About this book
The concept of self-handicapping can be legitimately anchored in a vari ety of intellectual contexts, some old and some newer. As this volume reminds us, Alfred Adler was perhaps the first to articulate the signifi cance of various self-defeating claims and gestures for protecting the self concept. Thus the apparent paradox of "defeat" in the interests of "pro tection. " More recently (but still more than 30 years ago), Heider's "naive psychology" added attributional rhetoric to the description of self-defeat ing strategies. While predominantly cognitive in its thrust, the attribu tional approach incorporated several motivational influences-especially those involving egocentric concerns. Heider hardly violated our common sense when he suggested that people are inclined to attribute their performances in a self-serving manner: the good things I caused; the bad things were forced upon me. The notion of self-handicapping strategies, proposed by Berglas and myself a little more than a decade ago, capitalized on these homely truths while adding a particular proactive twist. We not only make ex cuses for our blunders; we plan our engagements and our situational choices so that self-protective excuses are unnecessary. In doing so, we use our attributional understanding to arrange things so that flawed and failing performances will not be interpreted in ways that threaten our self-esteem.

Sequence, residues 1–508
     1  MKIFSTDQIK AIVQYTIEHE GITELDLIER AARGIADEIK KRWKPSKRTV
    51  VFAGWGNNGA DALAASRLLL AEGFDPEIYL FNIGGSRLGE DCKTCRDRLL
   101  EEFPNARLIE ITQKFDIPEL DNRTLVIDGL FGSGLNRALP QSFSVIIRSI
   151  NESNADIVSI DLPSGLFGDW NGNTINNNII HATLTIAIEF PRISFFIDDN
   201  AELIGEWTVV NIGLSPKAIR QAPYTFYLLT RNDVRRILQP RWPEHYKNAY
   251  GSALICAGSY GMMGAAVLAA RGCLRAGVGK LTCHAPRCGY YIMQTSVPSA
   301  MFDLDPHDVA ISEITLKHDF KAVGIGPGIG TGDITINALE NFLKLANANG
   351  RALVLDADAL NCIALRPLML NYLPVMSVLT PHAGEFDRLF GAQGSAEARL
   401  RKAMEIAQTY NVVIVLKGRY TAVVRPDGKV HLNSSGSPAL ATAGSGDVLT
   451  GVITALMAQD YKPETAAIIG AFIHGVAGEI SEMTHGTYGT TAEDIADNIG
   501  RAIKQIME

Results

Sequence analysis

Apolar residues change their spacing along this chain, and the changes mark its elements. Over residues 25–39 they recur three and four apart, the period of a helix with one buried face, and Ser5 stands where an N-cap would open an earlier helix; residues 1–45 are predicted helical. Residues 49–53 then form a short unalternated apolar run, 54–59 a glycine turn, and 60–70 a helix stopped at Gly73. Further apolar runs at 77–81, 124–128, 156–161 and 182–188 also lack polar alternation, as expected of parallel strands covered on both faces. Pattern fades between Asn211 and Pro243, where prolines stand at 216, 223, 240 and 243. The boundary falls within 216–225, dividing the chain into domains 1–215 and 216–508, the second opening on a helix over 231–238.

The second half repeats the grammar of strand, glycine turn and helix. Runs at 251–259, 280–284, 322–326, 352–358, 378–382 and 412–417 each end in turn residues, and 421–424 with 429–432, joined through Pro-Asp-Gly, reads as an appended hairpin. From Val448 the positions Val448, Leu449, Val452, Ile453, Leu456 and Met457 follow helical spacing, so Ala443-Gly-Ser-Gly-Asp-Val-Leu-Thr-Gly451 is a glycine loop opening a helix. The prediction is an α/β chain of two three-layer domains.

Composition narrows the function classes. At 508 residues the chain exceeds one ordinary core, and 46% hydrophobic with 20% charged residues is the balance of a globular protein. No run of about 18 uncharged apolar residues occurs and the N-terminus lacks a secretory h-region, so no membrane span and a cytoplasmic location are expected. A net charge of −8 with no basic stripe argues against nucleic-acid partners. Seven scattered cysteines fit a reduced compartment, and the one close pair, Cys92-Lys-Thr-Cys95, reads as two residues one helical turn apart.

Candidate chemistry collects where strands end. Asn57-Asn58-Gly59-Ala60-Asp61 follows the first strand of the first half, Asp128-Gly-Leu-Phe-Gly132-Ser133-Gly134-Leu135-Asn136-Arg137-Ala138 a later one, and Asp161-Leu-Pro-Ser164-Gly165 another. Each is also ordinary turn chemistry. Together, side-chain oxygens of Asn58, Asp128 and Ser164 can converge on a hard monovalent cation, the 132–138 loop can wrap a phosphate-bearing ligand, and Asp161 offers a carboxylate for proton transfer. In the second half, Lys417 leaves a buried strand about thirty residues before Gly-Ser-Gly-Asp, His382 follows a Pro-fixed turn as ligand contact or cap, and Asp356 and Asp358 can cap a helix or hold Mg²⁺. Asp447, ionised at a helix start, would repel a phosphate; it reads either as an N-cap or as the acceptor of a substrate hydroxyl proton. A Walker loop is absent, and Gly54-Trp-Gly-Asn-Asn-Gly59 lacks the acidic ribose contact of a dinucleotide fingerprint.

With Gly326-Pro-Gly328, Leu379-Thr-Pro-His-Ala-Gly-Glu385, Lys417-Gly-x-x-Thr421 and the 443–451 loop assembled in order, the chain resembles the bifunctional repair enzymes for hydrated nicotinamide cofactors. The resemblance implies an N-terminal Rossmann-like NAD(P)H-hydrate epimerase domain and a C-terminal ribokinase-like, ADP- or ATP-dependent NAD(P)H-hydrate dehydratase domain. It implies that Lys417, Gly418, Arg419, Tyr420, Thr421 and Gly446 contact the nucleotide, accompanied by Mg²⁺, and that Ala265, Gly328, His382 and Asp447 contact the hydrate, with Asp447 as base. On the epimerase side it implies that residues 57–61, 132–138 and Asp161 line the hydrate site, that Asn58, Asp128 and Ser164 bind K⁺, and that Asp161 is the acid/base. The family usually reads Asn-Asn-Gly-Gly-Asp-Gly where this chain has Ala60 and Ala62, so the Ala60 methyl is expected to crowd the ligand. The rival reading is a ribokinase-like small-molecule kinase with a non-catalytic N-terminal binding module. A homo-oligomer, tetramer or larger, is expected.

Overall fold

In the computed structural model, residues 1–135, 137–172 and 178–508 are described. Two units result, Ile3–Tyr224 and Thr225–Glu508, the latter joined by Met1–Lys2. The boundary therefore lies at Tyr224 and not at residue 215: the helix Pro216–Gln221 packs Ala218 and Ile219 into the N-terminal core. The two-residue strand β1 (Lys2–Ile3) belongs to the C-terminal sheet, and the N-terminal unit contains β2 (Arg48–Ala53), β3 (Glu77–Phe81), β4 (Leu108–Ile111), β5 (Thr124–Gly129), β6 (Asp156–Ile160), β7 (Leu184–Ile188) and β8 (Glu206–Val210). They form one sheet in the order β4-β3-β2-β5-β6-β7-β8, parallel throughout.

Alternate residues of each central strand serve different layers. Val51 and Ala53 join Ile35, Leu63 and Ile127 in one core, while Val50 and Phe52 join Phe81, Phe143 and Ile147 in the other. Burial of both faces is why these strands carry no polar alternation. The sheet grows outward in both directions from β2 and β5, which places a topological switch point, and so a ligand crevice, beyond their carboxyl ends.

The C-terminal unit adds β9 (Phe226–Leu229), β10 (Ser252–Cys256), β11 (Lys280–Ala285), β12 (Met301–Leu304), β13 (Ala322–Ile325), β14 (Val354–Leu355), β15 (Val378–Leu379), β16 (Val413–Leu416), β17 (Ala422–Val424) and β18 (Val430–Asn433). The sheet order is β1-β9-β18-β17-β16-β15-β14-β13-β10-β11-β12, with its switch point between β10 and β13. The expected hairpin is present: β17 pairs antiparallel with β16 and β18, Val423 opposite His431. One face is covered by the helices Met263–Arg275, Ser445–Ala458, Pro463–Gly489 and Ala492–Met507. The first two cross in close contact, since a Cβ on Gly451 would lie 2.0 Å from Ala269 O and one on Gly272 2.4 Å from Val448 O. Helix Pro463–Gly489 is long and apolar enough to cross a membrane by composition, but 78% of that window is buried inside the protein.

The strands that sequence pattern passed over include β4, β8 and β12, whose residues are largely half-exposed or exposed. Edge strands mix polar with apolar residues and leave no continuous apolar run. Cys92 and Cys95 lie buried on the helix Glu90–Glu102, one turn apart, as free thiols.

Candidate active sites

Motivation attribution psychology